Freedom 39 PH


The Freedom 39 PH is an American pilothouse schooner sailboat that was designed by Ron Holland and Gary Hoyt as a cruiser and first built in 1983.[1][2][3][4]

Freedom 39 PH
Freedom Yachts Star Logo.jpg
DesignerRon Holland and Gary Hoyt
LocationUnited States
Builder(s)Freedom Yachts
NameFreedom 39 PH
Boat weight18,500 lb (8,391 kg)
Draft5.50 ft (1.68 m)
LOA39.00 ft (11.89 m)
LWL31.00 ft (9.45 m)
Beam12.83 ft (3.91 m)
Engine typePerkins Engines 50 hp (37 kW) diesel engine
Hull appendages
Keel/board typefin keel
Ballast5,300 lb (2,404 kg)
Rudder(s)skeg-mounted rudder
Rig typeCat-rigged schooner
P mainsail luff44.50 ft (13.56 m)
E mainsail foot17.50 ft (5.33 m)
SailplanCat-rigged schooner
Mainsail area456 sq ft (42.4 m2)
Jib/genoa area288 sq ft (26.8 m2)
Total sail area744 sq ft (69.1 m2)

The Freedom 39 PH was introduced at the same time as the related Freedom 39 design, a boat with a similar hull, but a ketch rig and a conventional aft cockpit, without a pilothouse.[1][5]


The boat was built by Tillotson Pearson in the United States for Freedom Yachts, starting in 1983.[1][4][6]


The Freedom 39 PH is a recreational keelboat, built predominantly of fiberglass using a balsa core, with wooden trim. It is a cat-rigged schooner, with carbon-fiber conventional booms and two free-standing carbon-fiber masts. It has an aft cockpit and a low-mounted pilothouse forward of the cockpit. It features a raked stem, a slightly reverse transom, a skeg-mounted rudder controlled by a wheel and a fixed fin keel. The pilothouse has a second wheel for steering. The design displaces 18,500 lb (8,391 kg) and carries 5,300 lb (2,404 kg) of ballast.[1][4]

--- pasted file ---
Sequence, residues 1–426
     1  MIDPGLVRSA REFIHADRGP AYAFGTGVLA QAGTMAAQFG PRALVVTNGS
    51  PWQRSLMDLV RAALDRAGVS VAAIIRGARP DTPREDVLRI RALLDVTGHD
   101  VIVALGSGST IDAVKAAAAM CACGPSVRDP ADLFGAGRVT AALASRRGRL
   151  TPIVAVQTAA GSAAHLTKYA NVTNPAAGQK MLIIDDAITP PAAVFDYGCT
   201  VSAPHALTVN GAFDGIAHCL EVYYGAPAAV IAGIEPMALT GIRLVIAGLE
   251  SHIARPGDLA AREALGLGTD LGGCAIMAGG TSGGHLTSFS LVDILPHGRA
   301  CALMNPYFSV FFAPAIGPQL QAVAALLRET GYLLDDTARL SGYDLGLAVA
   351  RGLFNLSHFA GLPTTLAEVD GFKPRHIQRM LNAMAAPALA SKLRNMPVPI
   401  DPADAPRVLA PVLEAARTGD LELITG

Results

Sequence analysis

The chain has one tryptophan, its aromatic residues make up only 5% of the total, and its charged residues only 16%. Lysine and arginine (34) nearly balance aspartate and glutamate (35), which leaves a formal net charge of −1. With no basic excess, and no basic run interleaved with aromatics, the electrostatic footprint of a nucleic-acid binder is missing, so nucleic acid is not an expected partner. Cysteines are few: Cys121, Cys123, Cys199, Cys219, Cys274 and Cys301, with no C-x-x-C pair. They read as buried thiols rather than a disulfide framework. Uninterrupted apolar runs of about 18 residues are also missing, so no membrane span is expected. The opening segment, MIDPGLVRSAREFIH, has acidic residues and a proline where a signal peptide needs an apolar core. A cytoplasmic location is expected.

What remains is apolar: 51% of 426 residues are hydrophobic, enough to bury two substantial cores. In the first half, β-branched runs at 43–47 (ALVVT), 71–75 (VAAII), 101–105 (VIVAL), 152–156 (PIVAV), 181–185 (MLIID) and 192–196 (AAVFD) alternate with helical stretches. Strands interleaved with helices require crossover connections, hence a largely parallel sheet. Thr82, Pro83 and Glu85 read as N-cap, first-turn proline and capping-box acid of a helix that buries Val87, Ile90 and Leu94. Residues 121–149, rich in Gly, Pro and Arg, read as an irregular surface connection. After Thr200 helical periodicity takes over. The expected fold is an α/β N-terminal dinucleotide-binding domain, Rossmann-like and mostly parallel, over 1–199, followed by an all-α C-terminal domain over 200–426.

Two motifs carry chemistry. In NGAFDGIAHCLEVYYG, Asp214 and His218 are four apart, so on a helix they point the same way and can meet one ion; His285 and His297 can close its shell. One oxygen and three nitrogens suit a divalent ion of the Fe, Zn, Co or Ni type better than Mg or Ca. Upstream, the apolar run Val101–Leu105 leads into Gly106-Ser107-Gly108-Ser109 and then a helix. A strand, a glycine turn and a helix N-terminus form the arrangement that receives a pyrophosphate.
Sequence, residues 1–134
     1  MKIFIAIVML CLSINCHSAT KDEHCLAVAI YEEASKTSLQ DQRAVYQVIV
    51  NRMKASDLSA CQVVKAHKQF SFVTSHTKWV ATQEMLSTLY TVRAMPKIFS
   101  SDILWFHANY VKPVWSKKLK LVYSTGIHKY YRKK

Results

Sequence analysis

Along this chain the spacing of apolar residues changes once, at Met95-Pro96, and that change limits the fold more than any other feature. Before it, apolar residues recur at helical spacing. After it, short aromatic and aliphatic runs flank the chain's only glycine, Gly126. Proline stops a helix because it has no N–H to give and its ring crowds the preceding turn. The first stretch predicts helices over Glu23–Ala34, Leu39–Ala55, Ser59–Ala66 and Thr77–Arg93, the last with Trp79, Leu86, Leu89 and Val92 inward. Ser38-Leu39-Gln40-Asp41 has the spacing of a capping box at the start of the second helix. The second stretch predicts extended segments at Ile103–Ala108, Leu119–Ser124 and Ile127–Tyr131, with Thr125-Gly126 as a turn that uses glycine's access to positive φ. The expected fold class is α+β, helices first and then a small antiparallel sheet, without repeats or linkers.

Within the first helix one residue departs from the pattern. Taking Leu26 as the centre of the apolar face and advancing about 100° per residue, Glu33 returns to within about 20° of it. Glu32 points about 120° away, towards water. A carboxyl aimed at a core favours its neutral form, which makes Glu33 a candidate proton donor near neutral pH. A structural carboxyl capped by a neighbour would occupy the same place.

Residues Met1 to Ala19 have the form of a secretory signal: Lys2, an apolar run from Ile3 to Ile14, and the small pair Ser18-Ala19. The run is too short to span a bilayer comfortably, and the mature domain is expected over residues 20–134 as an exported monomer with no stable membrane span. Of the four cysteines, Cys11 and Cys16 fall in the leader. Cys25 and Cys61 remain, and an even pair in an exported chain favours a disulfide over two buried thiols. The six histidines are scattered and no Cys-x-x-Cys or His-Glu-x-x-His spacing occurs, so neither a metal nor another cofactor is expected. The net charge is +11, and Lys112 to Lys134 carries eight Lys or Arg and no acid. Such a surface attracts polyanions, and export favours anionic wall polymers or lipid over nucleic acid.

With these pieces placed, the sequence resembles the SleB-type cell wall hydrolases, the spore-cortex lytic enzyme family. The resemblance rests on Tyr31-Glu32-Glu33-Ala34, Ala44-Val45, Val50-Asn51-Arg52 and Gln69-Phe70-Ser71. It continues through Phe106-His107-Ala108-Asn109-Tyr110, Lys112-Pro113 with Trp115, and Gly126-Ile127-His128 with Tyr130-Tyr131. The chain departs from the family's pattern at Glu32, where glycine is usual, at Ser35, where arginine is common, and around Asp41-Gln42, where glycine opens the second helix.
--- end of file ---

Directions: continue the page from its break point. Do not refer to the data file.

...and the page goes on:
The boat has a draft of 5.50 ft (1.68 m) with the standard keel fitted.[1]

The boat is fitted with a British Perkins Engines 50 hp (37 kW) for docking and maneuvering. The fuel tank holds 100 U.S. gallons (380 L; 83 imp gal) and the fresh water tank has a capacity of 160 U.S. gallons (610 L; 130 imp gal).[1][4]

The design has sleeping accommodations for six people. It has a private, aft, double cabin, under the cockpit, accessed from the pilothouse, a double settee berth in the pilothouse and a double "V"-berth in the bow cabin. There is a captain's chair in the pilothouse, along with a navigation station. The galley is "U"-shaped and located just aft of the bow cabin. It includes a three-burner propane stove, an oven and double sinks. There are two separate heads, one just aft of the bow cabin on the starboard side, opposite the galley and another in the aft cabin on the port side. The forward head includes a molded fiberglass shower.[4]

Ventilation is provided by two opening ports in the aft cabin and four hatches, located over the bow cabin, the forward head, the galley and the main cabin.[4]

All sail controls are led to the cockpit which includes two winches and sheet stoppers. The halyards, the reefing lines and the boom vang for the aft mast are all controlled from the cockpit.[4]

Operational historyEdit

In a 1994 review Richard Sherwood wrote, "this cruiser was designed to offer the advantages of a schooner but with improved windward sailing characteristics. Since there is no forestay it cannot sag, and upwind performance is improved. The pilothouse is very low and does not block vision from the cockpit."[4]

See alsoEdit

Related development

Similar sailboats


  1. ^ a b c d e f McArthur, Bruce (2020). "Freedom 39 PH sailboat". Archived from the original on 23 May 2019. Retrieved 26 March 2020.
  2. ^ McArthur, Bruce (2020). "Ron Holland". Archived from the original on 23 May 2019. Retrieved 26 March 2020.
  3. ^ McArthur, Bruce (2020). "Gary Hoyt". Archived from the original on 6 March 2019. Retrieved 26 March 2020.
  4. ^ a b c d e f g h Sherwood, Richard M.: A Field Guide to Sailboats of North America, Second Edition, pages 332-333. Houghton Mifflin Company, 1994. ISBN 0-395-65239-1
  5. ^ McArthur, Bruce (2020). "Freedom 39 sailboat". Archived from the original on 23 May 2019. Retrieved 26 March 2020.
  6. ^ McArthur, Bruce (2020). "Freedom Yachts". Archived from the original on 18 October 2018. Retrieved 26 March 2020.